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Old 02-02-2012, 11:21 AM   #1
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Indiana Senate passes bill putting religion in science class

http://arstechnica.com/science/news/...ence-class.ars

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Indiana Senate passes bill putting religion in science class

Yesterday, after almost no debate, the Indiana State Senate approved a bill that would allow its schools to teach the origin stories of various religions when a class touches on the origin of life. It now moves on to the state's House, where one of its cosponsors is currently the Speaker of the House.

Although the bill as written could be used to create a comparative religion class, its sponsor, Senator Dennis Kruse, has made it clear that he hopes to see it foster the teaching of creationism in science classes. The original text of the bill explicitly mentioned creation science; it has since been modified to mention a variety of religions, including Scientology. In a brief interview, Kruse expressed disdain for evolution, calling it a "Johnny-come-lately" theory.

As with many sponsors of bills of this sort, Kruse is apparently unaware of what evolution describes (hint: it's not the origin of life) and of the scientific meaning of the word "theory," which is not broad enough to encompass religious teachings. Unlike many of those other legislators, however, Kruse seems to be aware that legal precedent, in the form of Edwards v. Aguillard, prohibits the teaching of creation science in classrooms. Instead, he hopes that some school district in his state will shoulder the cost of returning the issue to the Supreme Court, which he thinks may choose to ignore precedent and revisit Edwards.

The year is young, but the National Center for Science Education is already tracking six bills in various states that target science education.
Mostly, I'm just scratching my head.
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Old 02-02-2012, 12:02 PM   #2
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This is like requiring PE teachers to have a week where the kids do nothing but lay around and eat potato chips

"We've passed a bill today requiring all physical education departments to teach the basics of a sedentary lifestyle"
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Old 02-02-2012, 12:10 PM   #3
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We should totally let the states decide what to teach kids, what could go wrong?
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Old 02-02-2012, 12:12 PM   #4
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Yeah.. I was ashamed enough of my home state after it killed Planned Parenthood funding, and now this... It's enough to make me wonder whether or not to live and work here.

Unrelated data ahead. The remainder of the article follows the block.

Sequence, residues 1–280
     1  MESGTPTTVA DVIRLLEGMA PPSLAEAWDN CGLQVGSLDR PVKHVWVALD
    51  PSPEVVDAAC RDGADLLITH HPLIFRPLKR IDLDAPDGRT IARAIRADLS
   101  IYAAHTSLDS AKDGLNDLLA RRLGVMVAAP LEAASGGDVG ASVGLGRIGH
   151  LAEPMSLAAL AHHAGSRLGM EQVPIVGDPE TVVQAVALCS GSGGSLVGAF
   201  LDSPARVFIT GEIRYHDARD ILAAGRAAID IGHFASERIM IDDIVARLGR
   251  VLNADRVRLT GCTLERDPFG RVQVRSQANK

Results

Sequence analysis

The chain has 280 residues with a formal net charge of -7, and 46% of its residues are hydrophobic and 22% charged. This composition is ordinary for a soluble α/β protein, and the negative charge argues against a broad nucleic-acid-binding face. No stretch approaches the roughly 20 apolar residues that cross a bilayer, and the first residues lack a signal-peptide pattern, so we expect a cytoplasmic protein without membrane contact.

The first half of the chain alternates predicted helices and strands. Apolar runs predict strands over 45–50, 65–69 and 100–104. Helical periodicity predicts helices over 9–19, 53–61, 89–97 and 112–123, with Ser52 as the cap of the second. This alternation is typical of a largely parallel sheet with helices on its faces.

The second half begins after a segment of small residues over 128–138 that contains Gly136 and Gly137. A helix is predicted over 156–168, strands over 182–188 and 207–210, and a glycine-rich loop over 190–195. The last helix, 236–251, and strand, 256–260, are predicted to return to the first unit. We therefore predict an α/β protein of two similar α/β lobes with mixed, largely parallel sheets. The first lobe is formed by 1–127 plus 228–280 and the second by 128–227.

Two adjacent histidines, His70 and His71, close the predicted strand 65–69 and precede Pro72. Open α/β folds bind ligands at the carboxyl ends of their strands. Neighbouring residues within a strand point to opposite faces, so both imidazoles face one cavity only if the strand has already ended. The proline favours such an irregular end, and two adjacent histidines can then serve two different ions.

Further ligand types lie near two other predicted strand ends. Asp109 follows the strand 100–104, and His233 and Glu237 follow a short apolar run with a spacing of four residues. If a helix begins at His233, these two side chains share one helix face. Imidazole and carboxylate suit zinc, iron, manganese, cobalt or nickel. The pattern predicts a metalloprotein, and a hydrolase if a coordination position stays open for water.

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Old 02-02-2012, 12:25 PM   #5
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We should totally let the states decide what to teach kids, what could go wrong?
The reason I find this to be an unconvincing argument is that there are examples, such as the legalization of marijuana, that are often criticized for being determined at the federal level.

We can always cherry pick issues to make an argument for or against states rights.
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Old 02-02-2012, 12:25 PM   #6
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I wonder which 'various religions' are included. Even if this by some chance didn't get shot down in the end, many if not most teachers would teach the religious aspects as a joke.
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Old 02-02-2012, 12:26 PM   #7
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Old 02-02-2012, 02:42 PM   #8
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Does the US have a religious education class like we do in the UK?

I mean, thats where that shit should be, not in science lessons.
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Old 02-02-2012, 02:49 PM   #9
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I wonder which 'various religions' are included.
Scientology was included, so I expect many others are.

You know what? I'm kind of okay with this in an obtuse way. I think it should be in a Religion class and not a Science class, but whatever. When you open up discussion in a classroom about various religious beliefs - especially the main ones - you also open up the possibility that those beliefs will be picked apart and dissected and challenged. That doesn't occur in Sunday school, you know?